The government is faced with an uphill battle over the next four months as it strives to legislate highly unpopular measures to secure a desperately needed subtranche of 2.8 billion euros in bailout funding from the country’s increasingly impatient creditors.
Moreover, it must complete the second review of its third international bailout to pave the way for its stated aim to start debt-restructuring talks by the end of the year.
Meanwhile in Brussels, officials are again reportedly voicing concern as Greece has yet to implement most of the prior actions it had agreed to, fueling the reluctance of EU states to discuss debt relief for Greece – a key government demand.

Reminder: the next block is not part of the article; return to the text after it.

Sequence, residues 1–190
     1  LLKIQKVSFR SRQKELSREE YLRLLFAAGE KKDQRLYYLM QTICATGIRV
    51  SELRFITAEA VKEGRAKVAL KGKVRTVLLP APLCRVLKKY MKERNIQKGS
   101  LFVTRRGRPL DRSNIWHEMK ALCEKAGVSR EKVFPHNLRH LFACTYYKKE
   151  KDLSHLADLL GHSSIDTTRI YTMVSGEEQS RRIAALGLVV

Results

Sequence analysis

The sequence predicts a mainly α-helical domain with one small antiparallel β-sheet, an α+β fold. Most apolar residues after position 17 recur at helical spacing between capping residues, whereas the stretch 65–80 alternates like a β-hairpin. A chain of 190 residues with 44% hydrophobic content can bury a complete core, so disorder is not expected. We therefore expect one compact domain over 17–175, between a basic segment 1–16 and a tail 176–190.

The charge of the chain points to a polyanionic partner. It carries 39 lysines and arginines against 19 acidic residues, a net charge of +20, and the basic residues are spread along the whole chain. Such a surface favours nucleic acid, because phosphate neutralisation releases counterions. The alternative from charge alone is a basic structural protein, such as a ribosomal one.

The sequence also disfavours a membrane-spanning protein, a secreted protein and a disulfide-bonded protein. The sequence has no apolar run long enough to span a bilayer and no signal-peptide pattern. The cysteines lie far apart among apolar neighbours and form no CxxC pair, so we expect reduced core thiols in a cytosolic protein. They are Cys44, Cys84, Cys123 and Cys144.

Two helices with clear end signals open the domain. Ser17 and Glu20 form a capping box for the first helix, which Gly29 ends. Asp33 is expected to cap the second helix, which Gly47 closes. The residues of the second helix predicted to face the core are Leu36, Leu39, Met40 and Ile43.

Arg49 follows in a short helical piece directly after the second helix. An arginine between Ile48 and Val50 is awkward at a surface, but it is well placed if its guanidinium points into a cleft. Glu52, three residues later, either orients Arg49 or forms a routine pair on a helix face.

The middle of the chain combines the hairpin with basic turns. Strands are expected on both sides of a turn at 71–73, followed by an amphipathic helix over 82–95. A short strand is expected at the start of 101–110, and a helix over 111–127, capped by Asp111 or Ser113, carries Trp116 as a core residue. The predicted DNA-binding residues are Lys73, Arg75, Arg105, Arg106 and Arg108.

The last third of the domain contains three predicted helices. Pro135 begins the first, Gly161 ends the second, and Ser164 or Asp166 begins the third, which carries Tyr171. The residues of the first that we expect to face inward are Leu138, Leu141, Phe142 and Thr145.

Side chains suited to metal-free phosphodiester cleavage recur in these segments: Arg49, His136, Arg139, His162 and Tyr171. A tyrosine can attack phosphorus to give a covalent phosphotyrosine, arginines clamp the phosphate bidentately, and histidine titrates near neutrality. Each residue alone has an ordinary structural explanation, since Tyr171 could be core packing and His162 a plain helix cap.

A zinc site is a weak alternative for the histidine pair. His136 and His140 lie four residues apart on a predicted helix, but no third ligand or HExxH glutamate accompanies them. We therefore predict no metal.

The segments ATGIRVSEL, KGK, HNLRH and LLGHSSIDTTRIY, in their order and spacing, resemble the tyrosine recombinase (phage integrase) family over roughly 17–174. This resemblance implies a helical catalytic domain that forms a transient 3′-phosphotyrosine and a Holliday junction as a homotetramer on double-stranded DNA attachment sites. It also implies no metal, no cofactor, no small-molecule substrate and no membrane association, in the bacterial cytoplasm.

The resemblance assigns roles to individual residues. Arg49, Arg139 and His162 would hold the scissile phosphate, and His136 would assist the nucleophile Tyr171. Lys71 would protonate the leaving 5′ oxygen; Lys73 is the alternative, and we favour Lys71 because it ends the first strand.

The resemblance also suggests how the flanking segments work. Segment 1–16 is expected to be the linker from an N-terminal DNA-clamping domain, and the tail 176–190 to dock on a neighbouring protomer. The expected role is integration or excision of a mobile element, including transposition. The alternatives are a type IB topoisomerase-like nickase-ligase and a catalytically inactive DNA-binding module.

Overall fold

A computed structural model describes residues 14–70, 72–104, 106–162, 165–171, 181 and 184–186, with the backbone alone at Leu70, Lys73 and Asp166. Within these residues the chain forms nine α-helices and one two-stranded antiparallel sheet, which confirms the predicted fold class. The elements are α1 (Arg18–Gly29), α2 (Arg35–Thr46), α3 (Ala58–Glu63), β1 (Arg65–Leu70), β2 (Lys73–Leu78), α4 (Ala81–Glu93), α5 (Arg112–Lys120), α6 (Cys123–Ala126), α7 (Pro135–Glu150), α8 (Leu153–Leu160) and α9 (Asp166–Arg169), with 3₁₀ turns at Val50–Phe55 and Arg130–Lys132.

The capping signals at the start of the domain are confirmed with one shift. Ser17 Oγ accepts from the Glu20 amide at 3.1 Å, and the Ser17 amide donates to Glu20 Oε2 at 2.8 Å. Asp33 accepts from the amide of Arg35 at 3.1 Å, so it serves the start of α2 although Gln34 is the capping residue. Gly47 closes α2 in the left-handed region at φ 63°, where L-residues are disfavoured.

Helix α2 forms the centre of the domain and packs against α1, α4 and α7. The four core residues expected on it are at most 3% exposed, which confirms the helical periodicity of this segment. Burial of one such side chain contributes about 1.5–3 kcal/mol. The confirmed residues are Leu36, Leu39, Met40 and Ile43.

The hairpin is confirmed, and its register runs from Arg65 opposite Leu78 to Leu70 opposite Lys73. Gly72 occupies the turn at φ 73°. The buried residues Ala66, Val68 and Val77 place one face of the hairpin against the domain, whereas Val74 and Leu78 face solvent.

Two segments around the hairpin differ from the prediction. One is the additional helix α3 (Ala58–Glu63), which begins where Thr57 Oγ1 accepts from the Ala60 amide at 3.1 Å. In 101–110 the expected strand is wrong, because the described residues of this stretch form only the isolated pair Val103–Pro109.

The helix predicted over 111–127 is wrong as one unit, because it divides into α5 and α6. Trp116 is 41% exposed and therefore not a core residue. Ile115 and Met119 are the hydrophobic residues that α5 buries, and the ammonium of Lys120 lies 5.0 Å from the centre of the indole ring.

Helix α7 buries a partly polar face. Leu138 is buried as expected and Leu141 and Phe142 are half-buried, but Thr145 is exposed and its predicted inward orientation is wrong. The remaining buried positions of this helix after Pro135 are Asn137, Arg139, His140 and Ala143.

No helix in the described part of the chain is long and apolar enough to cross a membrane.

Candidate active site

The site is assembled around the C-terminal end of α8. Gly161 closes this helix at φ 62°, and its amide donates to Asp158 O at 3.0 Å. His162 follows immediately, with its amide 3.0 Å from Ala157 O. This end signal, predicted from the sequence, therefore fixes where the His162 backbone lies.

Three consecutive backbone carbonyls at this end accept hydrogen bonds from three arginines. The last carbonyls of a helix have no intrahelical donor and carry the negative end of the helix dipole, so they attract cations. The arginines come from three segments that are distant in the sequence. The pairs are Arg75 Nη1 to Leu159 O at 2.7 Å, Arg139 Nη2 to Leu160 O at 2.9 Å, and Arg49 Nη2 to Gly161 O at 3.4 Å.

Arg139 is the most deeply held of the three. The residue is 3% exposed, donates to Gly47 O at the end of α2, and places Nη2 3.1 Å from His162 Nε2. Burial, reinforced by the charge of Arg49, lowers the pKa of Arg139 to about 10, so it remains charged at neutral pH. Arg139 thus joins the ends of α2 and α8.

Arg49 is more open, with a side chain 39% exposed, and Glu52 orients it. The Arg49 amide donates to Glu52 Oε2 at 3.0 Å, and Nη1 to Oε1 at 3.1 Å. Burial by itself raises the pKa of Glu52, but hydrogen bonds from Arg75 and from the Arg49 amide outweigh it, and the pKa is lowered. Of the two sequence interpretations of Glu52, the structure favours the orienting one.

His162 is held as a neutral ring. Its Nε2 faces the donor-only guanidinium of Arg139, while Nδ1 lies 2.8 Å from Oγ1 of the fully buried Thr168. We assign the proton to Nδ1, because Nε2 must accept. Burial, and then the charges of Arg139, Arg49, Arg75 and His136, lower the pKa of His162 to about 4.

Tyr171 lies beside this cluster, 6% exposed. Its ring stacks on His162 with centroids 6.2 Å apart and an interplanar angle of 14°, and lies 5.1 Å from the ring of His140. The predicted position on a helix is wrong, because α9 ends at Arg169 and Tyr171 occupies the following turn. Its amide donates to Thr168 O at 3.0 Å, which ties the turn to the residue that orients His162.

With its poll figures lagging, the SYRIZA-led administration has banked on starting debt relief discussions by the end of the year as a consolation prize of sorts to offset its hugely unpopular spending cuts.
And with the prevailing uncertainty compounded by the unresolved question of whether the International Monetary Fund will be involved in the bailout, Prime Minister Alexis Tsipras’s aim to announce measures – albeit limited ones – to help those hardest hit by the crisis appears increasingly unlikely.
The remarks by a European Commission representative during last week’s Euro Working Group that just two of the 16 prior actions that were supposed to have been implemented in the summer had actually been pushed through speaks volumes about confidence levels regarding the leftist-led coalition.
“This does not help us develop more trust in the Greek government,” an EU official told Kathimerini.